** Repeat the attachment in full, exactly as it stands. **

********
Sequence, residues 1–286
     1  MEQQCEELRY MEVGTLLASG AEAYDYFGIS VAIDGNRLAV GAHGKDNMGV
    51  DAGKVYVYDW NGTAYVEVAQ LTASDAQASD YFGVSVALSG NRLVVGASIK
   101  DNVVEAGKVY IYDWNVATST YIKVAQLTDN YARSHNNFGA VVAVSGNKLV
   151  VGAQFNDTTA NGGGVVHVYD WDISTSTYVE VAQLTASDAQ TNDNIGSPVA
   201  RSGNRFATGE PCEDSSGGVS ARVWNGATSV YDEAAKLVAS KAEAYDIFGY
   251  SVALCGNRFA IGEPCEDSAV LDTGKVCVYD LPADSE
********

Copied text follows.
Sequence, residues 1–286
     1  MEQQCEELRY MEVGTLLASG AEAYDYFGIS VAIDGNRLAV GAHGKDNMGV
    51  DAGKVYVYDW NGTAYVEVAQ LTASDAQASD YFGVSVALSG NRLVVGASIK
   101  DNVVEAGKVY IYDWNVATST YIKVAQLTDN YARSHNNFGA VVAVSGNKLV
   151  VGAQFNDTTA NGGGVVHVYD WDISTSTYVE VAQLTASDAQ TNDNIGSPVA
   201  RSGNRFATGE PCEDSSGGVS ARVWNGATSV YDEAAKLVAS KAEAYDIFGY
   251  SVALCGNRFA IGEPCEDSAV LDTGKVCVYD LPADSE